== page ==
Experts Share Why Cleaning Your Plants Might Be the Key To Getting Them To Grow

Teachers don’t mention this in elementary school, but plants need more than just water and sunlight to survive — if they live indoors, they also need some TLC. “Outdoor plants usually have Mother Nature’s cleaning process — rain and mist — but indoor plants need human care,” explains Madeline Hooper, host of the PBS show GardenFit. Luckily, the process is simple. Here’s exactly how to clean plant leaves so your plants thrive.

Why clean plant leaves

“Think of leaves as the lungs of your plant,” says plant doctor and horticultural lead, Kelly Dyer at Patch Plants. “There are tiny stomata on the underside of the leaves, through which the exchange of oxygen and carbon dioxide, as well as the absorption and release of moisture, takes place.” If your plants’ leaves are clogged with dust, they won’t be able to effectively participate in photosynthesis and grow. For maximum health, Hooper recommends cleaning both the top and underside of the leaves, plus the stalks and stems.

Related: Plant Pros Share Their Top Tips for Reversing Root Rot — Plus, the #1 Way to Prevent It!

How to clean plant leaves

Though Dyer says there’s no rule around how often you need to clean plant leaves, Hooper likes to do it once a week when she waters them. Depending on how much dust collects in your home though, you might not even have to do it that often. Here’s how and what you should use to clean your plant leaves:

A feather duster

Just like you’d use a feather duster to dust your furniture, you can also use it on plant leaves (their tops and undersides). “It’s almost fun to dance around my plants, carefully dusting all their surfaces,” Hooper says. Not only is this method easy, but it allows for a gentle touch so you don’t break any fragile leaves or stems. Tip: If your plant is especially petite, a soft makeup brush will do the trick.

A damp cloth

how to clean plant leaves: women in grey sweater Dusting Plant leaves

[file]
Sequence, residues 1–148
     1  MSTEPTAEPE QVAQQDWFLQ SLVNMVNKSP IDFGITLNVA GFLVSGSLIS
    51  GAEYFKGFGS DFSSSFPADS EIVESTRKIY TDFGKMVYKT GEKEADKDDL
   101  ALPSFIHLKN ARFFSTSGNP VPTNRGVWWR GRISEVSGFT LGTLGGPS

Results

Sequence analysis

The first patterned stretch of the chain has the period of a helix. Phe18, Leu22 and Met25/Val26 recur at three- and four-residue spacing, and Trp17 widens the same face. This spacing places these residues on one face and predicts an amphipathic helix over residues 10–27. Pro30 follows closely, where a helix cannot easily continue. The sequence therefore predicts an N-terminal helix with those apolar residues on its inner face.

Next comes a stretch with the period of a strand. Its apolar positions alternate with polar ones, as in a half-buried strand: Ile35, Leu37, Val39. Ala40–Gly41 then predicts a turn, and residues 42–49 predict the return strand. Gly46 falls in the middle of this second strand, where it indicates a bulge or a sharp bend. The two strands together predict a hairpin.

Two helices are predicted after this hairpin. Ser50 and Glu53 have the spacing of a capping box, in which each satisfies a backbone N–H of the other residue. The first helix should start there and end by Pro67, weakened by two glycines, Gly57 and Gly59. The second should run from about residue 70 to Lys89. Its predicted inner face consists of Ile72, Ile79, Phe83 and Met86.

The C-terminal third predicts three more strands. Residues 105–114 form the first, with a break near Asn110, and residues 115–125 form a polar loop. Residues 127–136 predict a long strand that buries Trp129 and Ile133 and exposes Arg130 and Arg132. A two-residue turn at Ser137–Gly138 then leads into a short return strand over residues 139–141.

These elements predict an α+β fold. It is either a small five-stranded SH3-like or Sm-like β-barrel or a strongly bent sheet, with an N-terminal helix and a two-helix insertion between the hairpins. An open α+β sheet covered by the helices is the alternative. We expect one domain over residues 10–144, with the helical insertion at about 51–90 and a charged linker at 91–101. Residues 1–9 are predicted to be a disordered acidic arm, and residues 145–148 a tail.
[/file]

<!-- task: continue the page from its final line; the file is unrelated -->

Kinga Krzeminska/Getty

Dyer considers this the simplest and safest way to wipe down the tops and undersides of the leaves. For the best results, you should carefully hold the leaf with one hand and wipe from the stem to the leaf tip, using a wrung out damp cloth for larger leaves or a wet small brush for tiny ones. Make sure you’re gentle and don’t scrub, or you run the risk of damaging the plant.

The key, Hooper emphasizes, is the temperature: “The water must be lukewarm — not too hot or too cold. Extreme temperatures will shock your plants and can even stunt plant growth.” Hooper switches to this method if she’s had the windows open and pollen or other matter is collecting, because of course, a duster’s strength is in cleaning dust. Water can (usually) handle the rest.

Related: Why Is My House So Dusty? Cleaning Pros Share The Answers + Tricks To Eliminate It

If your plant needs a little more help getting cleaned up, especially if you’re dealing with pests, you can employ an all-natural liquid soap like Dr. Bronner’s castile soap. It’s best for small, soft-bodied ones because the soap washes off their protective coating, leading to them drying out. The process is the exact same as above, except you squirt a little bit of soap into the water and rinse the leaves off after.

A shower

Yes, you can really give your plant a shower — think about it like rainfall. Just like with the damp cloth, you want to use lukewarm water, and remember to turn the shower on slowly so you don’t knock any soil out of its pot. For the best results, you should gently massage the leaves to make sure the water reaches the entire plant. When you’re done, make sure the pot drains the water completely so it doesn’t drown in its own soil.

Related: Plant Pros: 7 Genius Ways to Water Plants While You’re Away + One Hack Never To Try

How to ensure your plant leaves shine

how to clean plant leaves: Woman watering houseplants
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After learning how to clean plant leaves, it helps to know how to make them shine.

First of all, Dyer notes that “some plants have more naturally shiny leaves than others.” Just like every person has their own unique features based on their makeup, so do plants. They’re also similar in that “just like the health of human hair or skin is determined by the health of our bodies, so it is with plants. To keep your plants looking healthy and happy, the most important thing to do is give them the right food and environmental conditions.”

That said, giving the leaves a good shine isn’t going to hurt the plant — as long as you don’t use the wrong treatment. It’s critical to know that you should stay away from the actual leaf shine products on the market: “The oils within these products can have an adverse effect, clogging the stomata and creating a sticky surface that will only attract more dust,” Dyer explains. “The same applies to food substances that are recommended by so many plant hacks, like mayonnaise or beer.” In the end, plain old tap water in a spray bottle is your friend.

If you do want to do a little bit extra, Hooper recommends a solution of lemon and water, which takes advantage of the lemon’s acidity to remove any buildup or water spots. “It’s a simple mixture of equal parts lemon juice and water. Put it in a spray bottle, mist the surfaces, and then use a soft cloth to dry them off,” says Hooper. A vinegar solution, which is also acidic and even acts as a pest deterrent, will get the job done as well.

For more plant-health tips, click through the links below!

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